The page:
Willing to write

The longer between posts on this blog, the harder it is to get started again.

I collect open browser tabs full of interesting things to point to, then close them. I start lists, make notes, and wander off before doing more than the preparatory work. I stop before I really start.

So today, a rainy Sunday afternoon, I’m sitting here with my computer. Just a plain white box to type in, edged with the photo of sun streaming through a stand of trees in early in the morning which is one of my desktop pictures.

This past week, where even to start?

The news broke of the Supreme Court’s ruling on marriage equality, and I cried.

I watched the President’s eulogy for Clementa Pinckney on Friday, and cried.

It was a heavy and full heart week.

One that I want to be writing about here, even when I am not sure what to say. Perhaps particularly when I am not sure what to say, because I often write to think.

I thought I’d be a very old woman before I’d see our marriage legally recognized across the country. That may sound like a long time to wait. (Chief Justice Roberts doesn’t seem to think so, but then I am not generally interested in folks who have never had their rights in doubt talk how those of us who have are going about things the wrong way.)

I think: people have been waiting as long and longer. And had it much harder than I ever have.

I think: people need to commit an act of civil disobedience when patience has been stretched beyond imagination.

I think: not saying anything when something should be said really isn’t an option.

Things like: the very least, the absolute very least we white people can do is to tell the truth about what is happening. What happened at the church is Charleston was terrorism. Racism is a problem today. We can do more.

Do you know how many black churches burned this week? Six.

May I have more patience where I need to exercise it, and even less when it comes to tolerating what should not be tolerated.

Testing the theory that constraint breeds creativity, or playing with my new toy

haiku

These haikubes were a birthday present from my cousin. The idea is you roll out all the many-worded cubes, then create a haiku on the theme suggested by the prompt.

In order to keep it interesting and not torture myself I don’t spend too long coming up with each one, but I do try to stick to the prompt and the correct form (five syllables in the first line, seven in the second, five again in the third).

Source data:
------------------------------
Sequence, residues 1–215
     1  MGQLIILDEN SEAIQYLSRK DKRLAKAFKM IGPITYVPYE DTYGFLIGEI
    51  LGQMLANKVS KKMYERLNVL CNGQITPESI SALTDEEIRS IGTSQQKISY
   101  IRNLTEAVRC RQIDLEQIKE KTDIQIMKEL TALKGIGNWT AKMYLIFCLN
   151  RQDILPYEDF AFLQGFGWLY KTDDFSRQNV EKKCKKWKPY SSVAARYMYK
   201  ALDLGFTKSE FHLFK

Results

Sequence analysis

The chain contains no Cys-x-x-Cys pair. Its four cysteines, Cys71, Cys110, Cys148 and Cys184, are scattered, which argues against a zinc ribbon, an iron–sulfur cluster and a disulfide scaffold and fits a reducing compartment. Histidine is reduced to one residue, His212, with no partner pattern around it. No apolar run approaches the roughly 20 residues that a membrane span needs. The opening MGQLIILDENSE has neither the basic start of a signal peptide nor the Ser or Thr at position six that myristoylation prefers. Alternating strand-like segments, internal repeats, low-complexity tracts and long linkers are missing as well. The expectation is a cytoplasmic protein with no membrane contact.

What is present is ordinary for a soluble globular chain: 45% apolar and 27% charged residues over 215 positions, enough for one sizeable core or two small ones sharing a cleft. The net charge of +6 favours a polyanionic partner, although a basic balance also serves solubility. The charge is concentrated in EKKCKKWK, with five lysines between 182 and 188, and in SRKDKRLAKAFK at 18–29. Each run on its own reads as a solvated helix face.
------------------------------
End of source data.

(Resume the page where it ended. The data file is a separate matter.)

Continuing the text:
I don’t think that I could tell myself to sit down and write a poem, but I can tell myself to play with these.

I suspect it’s good for my brain, and is another exercise in paying attention. I’m going to collect pictures of the haiku in this flickr set.

“We do not deal with one another as soul to soul”

From Marilynne Robinson’s Reclaiming a Sense of the Sacred:

Simultaneously, and in a time of supposed religious revival, and among those especially inclined to feel religiously revived, we have a society increasingly defined by economics, and an economics increasingly reminiscent of my experience with that rat, so-called rational-choice economics, which assumes that we will all find the shortest way to the reward, and that this is basically what we should ask of ourselves and — this is at the center of it all — of one another. After all these years of rational choice, brother rat might like to take a look at the packaging just to see if there might be a little melamine in the inducements he was being offered, hoping, of course, that the vendor considered it rational to provide that kind of information. We do not deal with one another as soul to soul, and the churches are as answerable for this as anyone.

Two questions I can’t really answer about fiction are (1) where it comes from, and (2) why we need it. But that we do create it and also crave it is beyond dispute. There is a tendency, considered highly rational, to reason from a narrow set of interests, say survival and procreation, which are supposed to govern our lives, and then to treat everything that does not fit this model as anomalous clutter, extraneous to what we are and probably best done without. But all we really know about what we are is what we do. There is a tendency to fit a tight and awkward carapace of definition over humankind, and to try to trim the living creature to fit the dead shell.

Apparently this is an excerpt from her newest book, When I Was a Child I Read Books, which I’ll admit I’d be interested in just from the title, and am now interested in for so much more.